Author Topic: Real Estate and Climate Change  (Read 5584 times)

HappyHoya

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Real Estate and Climate Change
« on: October 17, 2015, 10:56:40 AM »
Does climate change factor into how anyone here thinks about buying property? I will likely only ever own my primary residence, but I live in an expensive city (DC) where even a modest home will tie up a significant amount of money (why I'm currently renting) which would hopefully become some sort of useful asset. I understand that I shouldn't count on my home as an investment, and I intend to buy only when it makes sense as a cost of housing myself, but it would still suck to pay a mortgage for a long time only to have the property value slashed by natural disaster or widespread fear of impending disasters. DC is not so coastal or disaster prone that I am worried about land washing away, but I am concerned that as estimates about climate change and rising water levels become more common and are forecasting nearer in the future, there will be skepticism and unrest in areas predicted to be affected (once such estimate here: https://shar.es/1ucAJS). Am I being paranoid?

gaja

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Re: Real Estate and Climate Change
« Reply #1 on: October 17, 2015, 11:32:30 AM »
In my area, climate change will probably simply exaggerate existing problems. For the last house shopping spree, when we bought at a hill by the coast, we found a house that was protected from strong winds. In addition, we cut down any trees that could fall over the house. We had two hurricanes while we lived there, and except for some uprooted bushes and a trach can falling over, nothing happened. When we went house shopping in january, we avoided houses that were next to the river or creeks, or in dumps or flat areas without good drainage. Already there have been a couple of flooding incidences in the areas where we decided not to buy.

In the last house, we were able to avoid quick clay. In this area, the entire city is built on clay. We managed to avoid the known danger zones, and the recent expanding of the danger zone missed us by a couple of houses. But I'm quite sure it will only be a matter of time before our property is included in the red zone. But we priced that into our offer, and will take care not to do any digging without checking with the city engineers.

Landslave

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Re: Real Estate and Climate Change
« Reply #2 on: October 17, 2015, 02:04:25 PM »
This is such an apt and timely question!!  YES, we are considering it, and we are selling coastal properties.  Here is why.

  First, when the actuaries and the public finally really decide that at-risk geographic locations are devalued, I don't want to own them!  And our thinking is that the consensus will be sudden, without warning, and devastating. 

  Second, no one pay rent based on flood insurance premiums.  So, as a cash-flow decision, it makes sense to be out of a flood zone.

  Third, why risk a disruption of business, and why not have the much more valuable property after the flood happens?  Rental prices will rise dramatically when everyone downhill has been made homeless.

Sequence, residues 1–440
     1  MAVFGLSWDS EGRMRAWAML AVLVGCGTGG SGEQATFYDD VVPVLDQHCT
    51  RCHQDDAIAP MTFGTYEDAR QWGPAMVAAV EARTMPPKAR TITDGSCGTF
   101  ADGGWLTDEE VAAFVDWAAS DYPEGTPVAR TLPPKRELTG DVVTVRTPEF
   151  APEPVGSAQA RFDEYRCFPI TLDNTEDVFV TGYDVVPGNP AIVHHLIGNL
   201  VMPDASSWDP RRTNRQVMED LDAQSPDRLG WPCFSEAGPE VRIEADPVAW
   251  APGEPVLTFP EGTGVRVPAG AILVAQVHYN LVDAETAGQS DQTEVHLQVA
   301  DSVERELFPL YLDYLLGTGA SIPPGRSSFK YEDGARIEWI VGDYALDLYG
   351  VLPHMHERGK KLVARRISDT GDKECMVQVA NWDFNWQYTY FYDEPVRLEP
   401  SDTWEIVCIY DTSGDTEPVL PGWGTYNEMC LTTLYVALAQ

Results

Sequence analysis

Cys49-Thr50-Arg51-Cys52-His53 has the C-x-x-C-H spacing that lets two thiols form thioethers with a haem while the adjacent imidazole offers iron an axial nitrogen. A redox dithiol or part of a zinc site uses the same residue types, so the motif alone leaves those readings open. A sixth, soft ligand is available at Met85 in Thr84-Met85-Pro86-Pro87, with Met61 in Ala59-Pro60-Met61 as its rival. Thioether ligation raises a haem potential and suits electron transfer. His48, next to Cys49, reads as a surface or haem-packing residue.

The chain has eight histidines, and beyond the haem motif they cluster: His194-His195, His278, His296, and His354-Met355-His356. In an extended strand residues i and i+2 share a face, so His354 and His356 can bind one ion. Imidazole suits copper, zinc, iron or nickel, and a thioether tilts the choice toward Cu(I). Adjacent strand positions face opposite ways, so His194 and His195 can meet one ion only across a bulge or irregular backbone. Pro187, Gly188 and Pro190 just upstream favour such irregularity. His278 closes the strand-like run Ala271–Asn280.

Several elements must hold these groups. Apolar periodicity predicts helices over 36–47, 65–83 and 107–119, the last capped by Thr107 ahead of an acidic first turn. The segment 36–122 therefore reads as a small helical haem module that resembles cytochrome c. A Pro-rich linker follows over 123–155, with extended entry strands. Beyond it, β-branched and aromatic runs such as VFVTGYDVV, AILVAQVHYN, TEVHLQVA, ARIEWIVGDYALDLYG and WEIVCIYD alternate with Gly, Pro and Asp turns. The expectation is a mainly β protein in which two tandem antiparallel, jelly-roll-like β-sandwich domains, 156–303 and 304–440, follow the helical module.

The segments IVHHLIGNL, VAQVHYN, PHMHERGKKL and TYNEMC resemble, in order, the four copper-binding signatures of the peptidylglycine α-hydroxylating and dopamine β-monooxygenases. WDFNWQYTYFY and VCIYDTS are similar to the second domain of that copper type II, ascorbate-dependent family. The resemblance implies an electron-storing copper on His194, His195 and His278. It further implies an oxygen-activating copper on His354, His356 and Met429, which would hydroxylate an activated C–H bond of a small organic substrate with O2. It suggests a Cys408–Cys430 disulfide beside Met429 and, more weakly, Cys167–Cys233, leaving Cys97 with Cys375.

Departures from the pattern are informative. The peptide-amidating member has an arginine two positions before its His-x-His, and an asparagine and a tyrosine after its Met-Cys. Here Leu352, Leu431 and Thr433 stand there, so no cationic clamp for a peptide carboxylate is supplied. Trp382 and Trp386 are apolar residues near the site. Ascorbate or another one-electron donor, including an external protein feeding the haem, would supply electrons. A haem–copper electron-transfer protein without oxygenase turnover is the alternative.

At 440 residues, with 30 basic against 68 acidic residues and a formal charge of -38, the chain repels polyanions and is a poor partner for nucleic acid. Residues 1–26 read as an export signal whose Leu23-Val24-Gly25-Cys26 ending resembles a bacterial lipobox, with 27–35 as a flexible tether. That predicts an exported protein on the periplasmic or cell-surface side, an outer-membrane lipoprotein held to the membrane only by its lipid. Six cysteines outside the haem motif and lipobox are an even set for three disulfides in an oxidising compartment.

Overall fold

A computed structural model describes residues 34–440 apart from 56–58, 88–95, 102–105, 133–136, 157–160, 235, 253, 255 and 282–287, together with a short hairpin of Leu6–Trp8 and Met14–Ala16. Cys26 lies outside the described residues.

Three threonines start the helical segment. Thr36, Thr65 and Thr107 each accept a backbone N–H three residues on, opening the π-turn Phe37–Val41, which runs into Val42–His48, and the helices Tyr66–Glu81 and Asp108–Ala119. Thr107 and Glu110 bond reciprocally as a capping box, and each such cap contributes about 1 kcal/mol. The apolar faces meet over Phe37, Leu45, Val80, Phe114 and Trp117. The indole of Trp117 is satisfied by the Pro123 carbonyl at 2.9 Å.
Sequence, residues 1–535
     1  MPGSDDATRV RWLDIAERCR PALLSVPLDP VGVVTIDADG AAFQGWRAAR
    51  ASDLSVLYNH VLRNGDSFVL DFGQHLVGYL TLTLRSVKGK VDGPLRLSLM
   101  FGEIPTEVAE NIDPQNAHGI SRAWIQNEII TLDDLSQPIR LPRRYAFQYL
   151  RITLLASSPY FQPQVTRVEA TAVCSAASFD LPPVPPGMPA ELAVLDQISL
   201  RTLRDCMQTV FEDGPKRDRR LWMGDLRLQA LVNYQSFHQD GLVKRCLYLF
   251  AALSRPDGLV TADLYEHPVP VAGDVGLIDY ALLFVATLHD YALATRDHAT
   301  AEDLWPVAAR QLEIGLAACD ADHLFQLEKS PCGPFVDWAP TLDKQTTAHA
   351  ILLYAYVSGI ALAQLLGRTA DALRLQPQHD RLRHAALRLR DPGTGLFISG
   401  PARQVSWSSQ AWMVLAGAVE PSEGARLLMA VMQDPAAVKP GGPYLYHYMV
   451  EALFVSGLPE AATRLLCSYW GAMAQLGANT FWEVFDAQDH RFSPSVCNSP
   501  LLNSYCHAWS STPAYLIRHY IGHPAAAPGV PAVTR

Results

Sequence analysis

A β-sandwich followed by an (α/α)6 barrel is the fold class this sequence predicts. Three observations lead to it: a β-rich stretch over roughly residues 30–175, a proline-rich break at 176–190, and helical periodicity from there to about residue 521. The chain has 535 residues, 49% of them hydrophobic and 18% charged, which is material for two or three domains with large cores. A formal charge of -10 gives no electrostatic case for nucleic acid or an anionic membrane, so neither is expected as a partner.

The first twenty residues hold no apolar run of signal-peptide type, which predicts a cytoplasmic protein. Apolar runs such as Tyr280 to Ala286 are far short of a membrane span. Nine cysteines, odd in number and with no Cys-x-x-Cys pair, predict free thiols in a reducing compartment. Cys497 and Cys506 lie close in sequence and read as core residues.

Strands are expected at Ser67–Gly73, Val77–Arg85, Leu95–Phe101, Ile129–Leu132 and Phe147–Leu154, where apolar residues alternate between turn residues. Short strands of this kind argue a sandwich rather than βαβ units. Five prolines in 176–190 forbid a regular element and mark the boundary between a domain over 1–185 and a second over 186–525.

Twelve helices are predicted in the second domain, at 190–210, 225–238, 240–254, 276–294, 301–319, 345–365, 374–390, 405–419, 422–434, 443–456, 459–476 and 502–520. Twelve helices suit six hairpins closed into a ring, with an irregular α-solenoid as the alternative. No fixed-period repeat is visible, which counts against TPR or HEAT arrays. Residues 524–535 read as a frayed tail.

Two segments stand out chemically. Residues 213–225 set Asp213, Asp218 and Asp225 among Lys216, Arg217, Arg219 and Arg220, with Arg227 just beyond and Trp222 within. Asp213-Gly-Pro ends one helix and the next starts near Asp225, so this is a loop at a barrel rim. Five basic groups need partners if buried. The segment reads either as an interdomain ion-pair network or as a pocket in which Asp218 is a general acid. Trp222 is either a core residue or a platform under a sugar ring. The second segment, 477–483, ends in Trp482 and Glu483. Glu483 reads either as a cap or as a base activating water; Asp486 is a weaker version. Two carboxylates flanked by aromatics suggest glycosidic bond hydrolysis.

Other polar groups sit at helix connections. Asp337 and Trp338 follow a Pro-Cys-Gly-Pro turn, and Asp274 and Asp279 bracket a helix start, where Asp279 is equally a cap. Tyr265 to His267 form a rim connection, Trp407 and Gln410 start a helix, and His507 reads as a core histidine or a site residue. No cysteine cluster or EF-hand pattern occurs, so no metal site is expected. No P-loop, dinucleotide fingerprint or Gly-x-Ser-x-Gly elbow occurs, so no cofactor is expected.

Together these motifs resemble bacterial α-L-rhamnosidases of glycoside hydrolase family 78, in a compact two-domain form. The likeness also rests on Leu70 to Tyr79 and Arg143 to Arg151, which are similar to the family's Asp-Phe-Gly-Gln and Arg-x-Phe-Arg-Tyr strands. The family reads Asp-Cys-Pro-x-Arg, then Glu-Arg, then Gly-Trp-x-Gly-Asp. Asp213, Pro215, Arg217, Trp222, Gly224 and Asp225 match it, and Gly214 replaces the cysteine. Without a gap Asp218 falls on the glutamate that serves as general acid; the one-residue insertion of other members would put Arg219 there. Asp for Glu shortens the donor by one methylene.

Fourth, common properties (condominiums, home owner associations) will have to re-mortgage their properties to ameliorate the effects of rising water levels.


    EVEN MORE -- I have fear for whole cities.  Cities like Albuquerque, Las Vegas, and Chattanooga and many gulf coast cities make me cringe.  They are in NO WAY prepared for what has already happened in South Carolina, Golden and Boulder Colorado, Pennsacola, and Hershey Pennsylvania.  The macroprecipitation events ("1000-year rain") is CLEARLY the new normal.  In Albuquerque the hydro engineers are looking nervously at their arroyos.  In Chattanooga the TVA is wringing its hands and deciding if they need to make their dams taller. 

    Buy the house on top of the hill.  And sell everything that could be struck by a 1000-year precipitation event.....because we are all MUCH MORE LIKELY to see a 1000-year event than we were at the year of our births.  Some people are in denial about AGW, but while they argue about it, it is happening!  Hard to argue over observations which are actually occurring. 

Landslave


clarkfan1979

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Re: Real Estate and Climate Change
« Reply #3 on: October 18, 2015, 10:56:11 AM »
Don't buy an property in Big Bear City, CA. In 20 years it's not going to be cold enough for them to consistently make snow and have a season. Once the resorts close, the bubble will burst and I might pick something up on the cheap.

I own a rental in South Florida and projections for the next 10 years are very favorable. However, it's really frickin hot in the summer and I also worry about sea level rise.

I also think a serious hurricane can derail the growing economy.

MDM

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Re: Real Estate and Climate Change
« Reply #4 on: October 18, 2015, 11:38:43 AM »
Does climate change factor into how anyone here thinks about buying property? ...I am worried...there will be skepticism and unrest in areas predicted to be affected (once such estimate here: https://shar.es/1ucAJS). Am I being paranoid?
The default view in that link shows some group's estimate of the year 2200.  The information behind it is replete with qualifiers such as "could", "may", "might", etc.  Your assessment of actual safety risk should depend on how confident you are about that group's ability to predict the future.  The related question of property values should depend on what you think the general population will believe about that and any other group's ability to predict the future.

Of course, property values are all about "location, location, location."  Buying in an area known to experience hurricanes is a choice that could be good or bad, regardless of what one thinks about global warming, because hurricanes have occurred in the past and will occur in the future.
« Last Edit: October 19, 2015, 07:44:38 AM by MDM »

undercover

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Re: Real Estate and Climate Change
« Reply #5 on: October 18, 2015, 04:56:52 PM »
Yes I think you're being paranoid. Don't let an extreme unknown dictate your financial decisions.